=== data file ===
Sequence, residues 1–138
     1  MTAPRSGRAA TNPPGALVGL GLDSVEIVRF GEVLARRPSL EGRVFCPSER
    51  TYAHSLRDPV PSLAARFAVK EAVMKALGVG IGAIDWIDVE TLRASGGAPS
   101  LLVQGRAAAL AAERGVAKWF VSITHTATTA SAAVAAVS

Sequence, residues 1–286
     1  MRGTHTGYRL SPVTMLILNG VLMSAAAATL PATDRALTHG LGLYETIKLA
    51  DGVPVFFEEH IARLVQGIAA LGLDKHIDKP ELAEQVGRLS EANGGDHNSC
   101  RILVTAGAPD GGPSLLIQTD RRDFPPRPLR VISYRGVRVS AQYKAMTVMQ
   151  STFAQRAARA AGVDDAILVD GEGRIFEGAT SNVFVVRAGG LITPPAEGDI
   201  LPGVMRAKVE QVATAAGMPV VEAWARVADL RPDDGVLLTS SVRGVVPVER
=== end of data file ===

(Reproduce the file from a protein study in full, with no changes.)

Sequence, residues 1–138
     1  MTAPRSGRAA TNPPGALVGL GLDSVEIVRF GEVLARRPSL EGRVFCPSER
    51  TYAHSLRDPV PSLAARFAVK EAVMKALGVG IGAIDWIDVE TLRASGGAPS
   101  LLVQGRAAAL AAERGVAKWF VSITHTATTA SAAVAAVS

Sequence, residues 1–286
     1  MRGTHTGYRL SPVTMLILNG VLMSAAAATL PATDRALTHG LGLYETIKLA
    51  DGVPVFFEEH IARLVQGIAA LGLDKHIDKP ELAEQVGRLS EANGGDHNSC
   101  RILVTAGAPD GGPSLLIQTD RRDFPPRPLR VISYRGVRVS AQYKAMTVMQ
   151  STFAQRAARA AGVDDAILVD GEGRIFEGAT SNVFVVRAGG LITPPAEGDI
   201  LPGVMRAKVE QVATAAGMPV VEAWARVADL RPDDGVLLTS SVRGVVPVER